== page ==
Traditionally, the biggest drawback with a brand experience is its inability to scale. If you want to give an amazing experience to 100 people, or even 1,000, no problem. But how about 100,000? Or 10,000,000? Not so easy. These restrictions were largely imposed by the narrow format restrictions that people used to apply to brand experiences. Today, as the definitions broaden, more opportunities become available, as we demonstrated with our campaign for Coca-Cola’s Glaceau Vitamin Water. Only 10,000 product samples were distributed but the impressions exceeded 53 million, through the PR and social reach.

Again, people are now more comfortable blending media with their brand experiences to amplify them. This means that you can do something exciting directly for a small number of people and publicize it to a much larger group, as Skittles did for their 2018 Superbowl ad, which was only seen by one person but actually reached an audience of over 100 million.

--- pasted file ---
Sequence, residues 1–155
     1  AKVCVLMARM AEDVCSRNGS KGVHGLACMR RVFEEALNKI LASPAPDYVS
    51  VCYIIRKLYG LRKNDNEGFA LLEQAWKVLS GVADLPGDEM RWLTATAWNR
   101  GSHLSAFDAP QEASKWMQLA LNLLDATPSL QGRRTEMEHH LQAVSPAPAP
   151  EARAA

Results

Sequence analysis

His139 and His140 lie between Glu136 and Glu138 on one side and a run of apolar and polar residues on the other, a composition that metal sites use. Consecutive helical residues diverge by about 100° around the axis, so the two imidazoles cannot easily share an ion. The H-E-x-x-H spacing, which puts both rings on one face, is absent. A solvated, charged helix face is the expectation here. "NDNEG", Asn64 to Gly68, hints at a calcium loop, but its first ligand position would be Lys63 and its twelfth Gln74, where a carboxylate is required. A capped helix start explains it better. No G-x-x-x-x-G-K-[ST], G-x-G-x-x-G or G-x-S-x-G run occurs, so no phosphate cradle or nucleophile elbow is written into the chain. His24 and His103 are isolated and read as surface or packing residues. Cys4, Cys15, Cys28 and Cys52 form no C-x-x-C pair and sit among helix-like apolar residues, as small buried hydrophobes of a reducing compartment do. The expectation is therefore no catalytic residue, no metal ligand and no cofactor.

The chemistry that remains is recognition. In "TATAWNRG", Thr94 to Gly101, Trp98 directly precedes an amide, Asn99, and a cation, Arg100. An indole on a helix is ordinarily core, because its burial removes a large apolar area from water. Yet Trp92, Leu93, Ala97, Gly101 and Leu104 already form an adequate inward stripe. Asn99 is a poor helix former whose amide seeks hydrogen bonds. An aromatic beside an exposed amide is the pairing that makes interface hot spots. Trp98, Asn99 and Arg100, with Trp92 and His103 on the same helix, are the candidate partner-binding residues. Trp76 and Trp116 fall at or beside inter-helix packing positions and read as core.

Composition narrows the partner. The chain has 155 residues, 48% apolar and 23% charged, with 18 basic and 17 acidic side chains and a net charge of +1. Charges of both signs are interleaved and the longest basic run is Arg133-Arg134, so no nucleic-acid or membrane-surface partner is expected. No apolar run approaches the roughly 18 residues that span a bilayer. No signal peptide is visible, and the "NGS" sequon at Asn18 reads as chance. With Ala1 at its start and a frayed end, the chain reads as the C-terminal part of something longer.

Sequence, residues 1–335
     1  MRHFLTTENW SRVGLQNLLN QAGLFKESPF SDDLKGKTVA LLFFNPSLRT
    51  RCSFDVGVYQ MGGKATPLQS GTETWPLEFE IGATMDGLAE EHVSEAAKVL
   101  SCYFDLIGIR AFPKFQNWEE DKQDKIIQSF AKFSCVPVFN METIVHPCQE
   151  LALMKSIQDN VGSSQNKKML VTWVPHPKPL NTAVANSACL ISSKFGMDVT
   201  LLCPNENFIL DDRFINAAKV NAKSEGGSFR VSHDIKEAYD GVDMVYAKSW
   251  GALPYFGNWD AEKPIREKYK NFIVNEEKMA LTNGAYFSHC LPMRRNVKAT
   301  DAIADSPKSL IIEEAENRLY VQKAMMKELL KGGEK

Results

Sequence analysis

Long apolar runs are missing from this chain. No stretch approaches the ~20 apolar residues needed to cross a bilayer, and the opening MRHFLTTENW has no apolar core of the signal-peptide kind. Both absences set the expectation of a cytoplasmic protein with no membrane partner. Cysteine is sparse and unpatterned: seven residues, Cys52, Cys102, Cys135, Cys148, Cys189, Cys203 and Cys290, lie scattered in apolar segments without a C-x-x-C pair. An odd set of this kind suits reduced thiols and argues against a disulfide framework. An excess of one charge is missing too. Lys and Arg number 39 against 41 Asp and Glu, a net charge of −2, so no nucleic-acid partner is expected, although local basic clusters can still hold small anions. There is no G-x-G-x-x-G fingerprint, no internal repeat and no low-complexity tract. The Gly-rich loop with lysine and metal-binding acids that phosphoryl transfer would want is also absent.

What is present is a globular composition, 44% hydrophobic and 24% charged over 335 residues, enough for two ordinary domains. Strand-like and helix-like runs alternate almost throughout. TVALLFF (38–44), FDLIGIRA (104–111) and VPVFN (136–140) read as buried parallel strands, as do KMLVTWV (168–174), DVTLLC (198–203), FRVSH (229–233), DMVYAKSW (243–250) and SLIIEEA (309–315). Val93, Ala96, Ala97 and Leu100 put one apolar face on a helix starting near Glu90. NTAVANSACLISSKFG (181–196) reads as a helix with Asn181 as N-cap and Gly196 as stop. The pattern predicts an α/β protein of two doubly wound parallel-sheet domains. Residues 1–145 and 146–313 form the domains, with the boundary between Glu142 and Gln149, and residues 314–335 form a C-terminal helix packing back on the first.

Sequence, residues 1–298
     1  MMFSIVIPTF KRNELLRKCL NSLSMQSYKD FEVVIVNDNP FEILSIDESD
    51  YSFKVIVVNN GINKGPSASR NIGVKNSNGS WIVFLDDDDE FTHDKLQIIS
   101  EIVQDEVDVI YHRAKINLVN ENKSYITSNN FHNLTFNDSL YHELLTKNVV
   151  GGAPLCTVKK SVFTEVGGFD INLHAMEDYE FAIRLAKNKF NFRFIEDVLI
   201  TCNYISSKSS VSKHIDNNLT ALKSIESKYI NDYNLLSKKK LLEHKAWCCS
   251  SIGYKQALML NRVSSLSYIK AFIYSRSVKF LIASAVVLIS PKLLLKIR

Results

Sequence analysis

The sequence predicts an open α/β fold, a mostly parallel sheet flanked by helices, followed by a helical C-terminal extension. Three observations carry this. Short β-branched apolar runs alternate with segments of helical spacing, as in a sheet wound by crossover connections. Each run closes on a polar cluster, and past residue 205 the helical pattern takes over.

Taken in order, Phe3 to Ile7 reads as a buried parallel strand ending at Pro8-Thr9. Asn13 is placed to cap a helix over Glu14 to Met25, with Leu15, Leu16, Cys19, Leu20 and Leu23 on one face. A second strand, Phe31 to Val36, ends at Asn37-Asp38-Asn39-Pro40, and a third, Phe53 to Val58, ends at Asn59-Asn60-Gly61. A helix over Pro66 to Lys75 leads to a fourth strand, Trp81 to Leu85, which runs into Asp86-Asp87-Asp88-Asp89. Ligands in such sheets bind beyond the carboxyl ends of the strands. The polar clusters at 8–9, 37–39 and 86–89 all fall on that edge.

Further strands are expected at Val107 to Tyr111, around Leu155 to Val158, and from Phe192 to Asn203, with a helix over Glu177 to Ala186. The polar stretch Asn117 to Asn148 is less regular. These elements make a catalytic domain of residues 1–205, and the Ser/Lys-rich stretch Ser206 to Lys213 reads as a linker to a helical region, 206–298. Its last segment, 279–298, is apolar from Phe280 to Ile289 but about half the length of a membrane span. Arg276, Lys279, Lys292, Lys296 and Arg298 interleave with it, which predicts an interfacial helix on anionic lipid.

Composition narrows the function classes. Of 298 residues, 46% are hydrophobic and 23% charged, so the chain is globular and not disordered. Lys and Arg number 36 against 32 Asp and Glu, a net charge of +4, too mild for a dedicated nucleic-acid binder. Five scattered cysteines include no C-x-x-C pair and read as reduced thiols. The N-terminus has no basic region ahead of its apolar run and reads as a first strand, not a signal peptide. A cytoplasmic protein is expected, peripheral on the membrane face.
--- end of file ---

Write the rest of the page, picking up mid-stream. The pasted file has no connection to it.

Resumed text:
Secondly, a lot of brand experiences aren’t campaign-based; meaning that they don’t need to run for only a short, predetermined period. Certainly, forms of brand experience such as a retail experience, or ongoing service elements of a brand that are integrated with its business model can run perpetually (as per our global campaign for The Economist) meaning that their benefits accrue over time, rather than being condensed into a short burst of activity.

Finally, improvements in technology and logistics are making it easier to achieve scale even with traditional forms of brand experience such as sampling. It is now more common to achieve very low costs per contact, making such campaigns comparable with other forms of media.